Palm Greases New Treo With Faster Network Support

Palm on Monday launched the latest version of its Treo smartphone, the 800w, on the Sprint network.

Aimed at business users, the digital assistant and mobile phone offers access to e-mail, voice calls and other forms of messaging.

The 800w has a larger screen size — 320 x 320 — than the previous Treo model, the 750. With dimension of 2.2 by 4.41 by 0.73 inches and a weight of 5 ounces, the 800w is thinner and lighter than earlier versions running Windows Mobile. It includes hard buttons for e-mail and calendar as well as a five-way navigation button and on/off ringer switch.

The device is available as of Monday at Sprint stores and online. Signing a two-year service contract with Sprint will drop the price from US$599 to $249.99

Out of the Box

The 800w connects to the Internet using either WiFi Sprint’s high-speed EV-DO Rev A network. The smartphone runs Microsoft’s Windows Mobile 6.1 Professional and offers about 170 MB of available memory, expandable to up to 8 GB with a microSD or microSDHC card.

Users connected to a Microsoft Exchange Server will get out of the box support for Microsoft Direct Push technology that offers users automatic wireless updates from their e-mail, calendar, contacts and tasks lists. The smartphone also includes a host of familiar Microsoft mobile applications such as Internet Explorer, Microsoft Office Outlook, Excel, PowerPoint, Word and OneNote. Other programs loaded on the phone are Windows Live Search, Picsel PDF Viewer and Windows Media Player Mobile. It is also compatible with Microsoft’s System Center Mobile Device Manager 2008.

Palm has added its own flavor to Windows Mobile with “Today Screen” enhancements that enable users to call, text, e-mail, perform Web searches and map a contact’s address from the home screen. Other improvements include voicemail controls that provide simple navigation when rewinding, deleting or fast-forwarding a message. Users can also ignore a call and send a text message such as “Can’t talk right now” or “In a meeting.”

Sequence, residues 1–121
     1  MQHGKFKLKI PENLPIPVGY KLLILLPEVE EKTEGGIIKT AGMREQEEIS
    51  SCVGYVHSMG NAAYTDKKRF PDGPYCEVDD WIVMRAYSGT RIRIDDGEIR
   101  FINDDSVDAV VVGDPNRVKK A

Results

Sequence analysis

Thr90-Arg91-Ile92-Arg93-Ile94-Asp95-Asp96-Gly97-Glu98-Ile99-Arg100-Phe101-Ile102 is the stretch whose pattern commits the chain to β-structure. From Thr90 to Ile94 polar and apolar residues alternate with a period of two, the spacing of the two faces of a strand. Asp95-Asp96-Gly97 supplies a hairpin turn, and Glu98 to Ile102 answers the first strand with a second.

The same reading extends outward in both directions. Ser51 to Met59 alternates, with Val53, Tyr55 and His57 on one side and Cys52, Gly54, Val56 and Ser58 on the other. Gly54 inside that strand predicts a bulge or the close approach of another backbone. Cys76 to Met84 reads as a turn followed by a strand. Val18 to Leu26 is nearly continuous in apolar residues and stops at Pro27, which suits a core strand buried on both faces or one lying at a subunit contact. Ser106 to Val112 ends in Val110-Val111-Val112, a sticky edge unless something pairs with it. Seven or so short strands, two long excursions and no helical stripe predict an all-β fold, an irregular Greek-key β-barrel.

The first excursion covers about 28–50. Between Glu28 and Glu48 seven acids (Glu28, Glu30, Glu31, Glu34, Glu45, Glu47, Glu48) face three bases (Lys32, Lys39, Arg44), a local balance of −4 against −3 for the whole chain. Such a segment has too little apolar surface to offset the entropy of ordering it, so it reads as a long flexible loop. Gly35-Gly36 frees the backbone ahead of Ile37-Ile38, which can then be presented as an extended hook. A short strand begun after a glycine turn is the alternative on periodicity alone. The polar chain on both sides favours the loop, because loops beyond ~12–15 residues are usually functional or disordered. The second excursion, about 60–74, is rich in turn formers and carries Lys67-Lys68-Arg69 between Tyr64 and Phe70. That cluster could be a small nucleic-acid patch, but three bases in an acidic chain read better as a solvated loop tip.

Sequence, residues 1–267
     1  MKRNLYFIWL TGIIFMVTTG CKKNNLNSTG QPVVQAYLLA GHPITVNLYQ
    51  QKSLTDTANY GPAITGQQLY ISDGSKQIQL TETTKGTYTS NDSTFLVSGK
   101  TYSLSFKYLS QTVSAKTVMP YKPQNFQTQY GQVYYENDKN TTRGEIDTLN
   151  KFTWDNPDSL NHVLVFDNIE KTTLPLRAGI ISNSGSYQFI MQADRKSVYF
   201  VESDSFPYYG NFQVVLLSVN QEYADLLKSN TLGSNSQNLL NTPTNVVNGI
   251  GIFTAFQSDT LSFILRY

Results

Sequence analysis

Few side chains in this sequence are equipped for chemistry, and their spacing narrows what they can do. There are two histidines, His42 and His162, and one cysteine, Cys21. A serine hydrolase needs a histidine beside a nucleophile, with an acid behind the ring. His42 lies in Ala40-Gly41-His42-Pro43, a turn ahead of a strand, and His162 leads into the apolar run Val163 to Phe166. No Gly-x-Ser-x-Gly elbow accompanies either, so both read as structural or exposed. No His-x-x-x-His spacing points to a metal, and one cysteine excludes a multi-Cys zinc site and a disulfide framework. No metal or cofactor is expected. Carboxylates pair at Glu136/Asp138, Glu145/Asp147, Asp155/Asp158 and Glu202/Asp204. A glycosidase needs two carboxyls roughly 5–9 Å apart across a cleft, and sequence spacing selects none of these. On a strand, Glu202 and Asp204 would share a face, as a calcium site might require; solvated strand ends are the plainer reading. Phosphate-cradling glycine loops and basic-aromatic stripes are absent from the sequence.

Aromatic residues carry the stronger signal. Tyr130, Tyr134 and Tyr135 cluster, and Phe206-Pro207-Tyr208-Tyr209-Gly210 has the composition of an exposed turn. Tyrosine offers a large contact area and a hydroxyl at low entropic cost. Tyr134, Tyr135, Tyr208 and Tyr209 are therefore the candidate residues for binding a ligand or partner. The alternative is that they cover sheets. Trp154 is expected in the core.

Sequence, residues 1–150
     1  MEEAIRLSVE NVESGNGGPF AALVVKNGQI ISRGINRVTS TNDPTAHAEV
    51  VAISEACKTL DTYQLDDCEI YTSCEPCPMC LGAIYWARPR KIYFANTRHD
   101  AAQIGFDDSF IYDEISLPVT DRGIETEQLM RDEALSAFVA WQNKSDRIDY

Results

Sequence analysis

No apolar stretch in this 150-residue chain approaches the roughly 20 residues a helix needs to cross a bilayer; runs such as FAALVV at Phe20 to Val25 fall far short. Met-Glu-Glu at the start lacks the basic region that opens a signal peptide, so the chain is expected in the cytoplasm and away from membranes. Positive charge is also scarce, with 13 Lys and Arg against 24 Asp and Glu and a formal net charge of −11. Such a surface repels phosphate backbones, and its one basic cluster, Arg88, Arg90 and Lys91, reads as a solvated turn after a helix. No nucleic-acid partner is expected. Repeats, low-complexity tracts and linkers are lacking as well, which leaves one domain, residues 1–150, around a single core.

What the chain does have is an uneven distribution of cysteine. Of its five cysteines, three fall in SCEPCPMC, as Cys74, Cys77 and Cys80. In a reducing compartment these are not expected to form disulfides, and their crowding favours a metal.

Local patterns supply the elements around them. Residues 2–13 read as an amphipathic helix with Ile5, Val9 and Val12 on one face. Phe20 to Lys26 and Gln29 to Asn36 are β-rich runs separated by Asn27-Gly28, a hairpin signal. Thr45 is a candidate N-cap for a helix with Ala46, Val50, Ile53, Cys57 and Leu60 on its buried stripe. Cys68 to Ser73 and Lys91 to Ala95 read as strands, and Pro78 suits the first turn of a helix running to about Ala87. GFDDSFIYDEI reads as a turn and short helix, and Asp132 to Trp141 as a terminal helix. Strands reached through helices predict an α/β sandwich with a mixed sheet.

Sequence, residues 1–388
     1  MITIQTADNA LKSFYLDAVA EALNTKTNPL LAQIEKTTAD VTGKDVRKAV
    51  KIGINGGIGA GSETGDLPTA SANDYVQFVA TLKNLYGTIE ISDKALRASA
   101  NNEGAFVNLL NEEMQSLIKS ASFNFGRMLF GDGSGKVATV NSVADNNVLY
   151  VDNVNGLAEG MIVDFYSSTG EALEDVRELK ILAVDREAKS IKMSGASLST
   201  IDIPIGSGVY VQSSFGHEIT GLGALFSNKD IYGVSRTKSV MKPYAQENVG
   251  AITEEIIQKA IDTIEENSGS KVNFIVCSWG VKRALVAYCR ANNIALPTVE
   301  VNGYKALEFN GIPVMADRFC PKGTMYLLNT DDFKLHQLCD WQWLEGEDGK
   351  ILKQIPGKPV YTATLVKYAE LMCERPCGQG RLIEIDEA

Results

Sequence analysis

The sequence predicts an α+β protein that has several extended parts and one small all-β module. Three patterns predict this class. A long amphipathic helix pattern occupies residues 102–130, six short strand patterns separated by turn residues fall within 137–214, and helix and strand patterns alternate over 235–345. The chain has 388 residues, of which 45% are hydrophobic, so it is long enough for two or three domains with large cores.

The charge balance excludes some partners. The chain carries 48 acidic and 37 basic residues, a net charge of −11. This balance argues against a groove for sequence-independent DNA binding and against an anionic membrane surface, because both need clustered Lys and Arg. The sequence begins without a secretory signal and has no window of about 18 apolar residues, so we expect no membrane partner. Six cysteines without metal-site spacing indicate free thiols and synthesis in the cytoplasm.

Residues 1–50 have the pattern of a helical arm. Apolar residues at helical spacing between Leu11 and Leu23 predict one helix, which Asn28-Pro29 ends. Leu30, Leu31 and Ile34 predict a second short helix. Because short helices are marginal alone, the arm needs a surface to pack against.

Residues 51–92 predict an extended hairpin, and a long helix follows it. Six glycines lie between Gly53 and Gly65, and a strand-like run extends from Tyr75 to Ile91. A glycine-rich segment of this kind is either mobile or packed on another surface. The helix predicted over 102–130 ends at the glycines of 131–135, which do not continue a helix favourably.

The device sports standard features, including a 2.0-megapixel camera with 2x digital zoom and video capture with a self-portrait lens, a QWERTY keyboard, as well as turn-by-turn built-in GPS (Global Positioning System) driving instructions provided in conjunction with Sprint Navigation. Users not interested in paying $9.99 for Sprint Navigation can use the local search bar on the home screen or map their route using Google Maps or Microsoft Live Search.

Other Sprint services available on the 800w are Sprint TV for video-on-demand or live TV viewing; Pocket Express for up-to-date sports, weather, news, financial and movie information; and Sprint IM that provides access to Yahoo Messenger, AOL’s AIM and MSN Messenger.

The lithium-ion battery provides up to 4.5 hours of talk time and as many as 200 hours of standby time, according to Palm.

Another Treo

“Other than it having a high-speed connection, I’m not 100 percent sure about what advantages it provides,” said Bill Hughes, an In-Stat analyst, who has not used the phone.

“The cellular industry has a problem in that when you come out with a new model and it’s a feature upgrade, it’s hard to tell when the big announcements come. And is adding support for a higher speed connection significant? Yes, at a certain level, but does it make all the difference in the world and will it be game changing? Probably not,” he explained.

Incremental advance or not, however, it is important to recognize that there are other devices out there, he commented, not just Apple’s iPhone, which has attracted much of the industry’s attention recently.

While the Treo 800w should help Palm recover somewhat from its recently flagging fortunes, Hughes said handsets were not at the center of the manufacturer’s problems.

“I would say that their biggest problem was the market having unrealistic expectations,” he said.

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